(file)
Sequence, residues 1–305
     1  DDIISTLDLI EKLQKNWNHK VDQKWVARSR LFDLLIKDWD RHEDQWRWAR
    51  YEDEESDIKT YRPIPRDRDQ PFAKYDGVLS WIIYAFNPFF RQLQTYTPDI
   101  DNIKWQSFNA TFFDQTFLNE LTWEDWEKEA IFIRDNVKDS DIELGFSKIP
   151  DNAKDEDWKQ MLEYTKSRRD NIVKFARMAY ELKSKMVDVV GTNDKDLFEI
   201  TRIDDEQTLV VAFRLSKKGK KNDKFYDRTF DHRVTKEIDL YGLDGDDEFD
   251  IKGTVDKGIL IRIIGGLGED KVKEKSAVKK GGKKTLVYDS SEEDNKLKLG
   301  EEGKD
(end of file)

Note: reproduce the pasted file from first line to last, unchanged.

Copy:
Sequence, residues 1–305
     1  DDIISTLDLI EKLQKNWNHK VDQKWVARSR LFDLLIKDWD RHEDQWRWAR
    51  YEDEESDIKT YRPIPRDRDQ PFAKYDGVLS WIIYAFNPFF RQLQTYTPDI
   101  DNIKWQSFNA TFFDQTFLNE LTWEDWEKEA IFIRDNVKDS DIELGFSKIP
   151  DNAKDEDWKQ MLEYTKSRRD NIVKFARMAY ELKSKMVDVV GTNDKDLFEI
   201  TRIDDEQTLV VAFRLSKKGK KNDKFYDRTF DHRVTKEIDL YGLDGDDEFD
   251  IKGTVDKGIL IRIIGGLGED KVKEKSAVKK GGKKTLVYDS SEEDNKLKLG
   301  EEGKD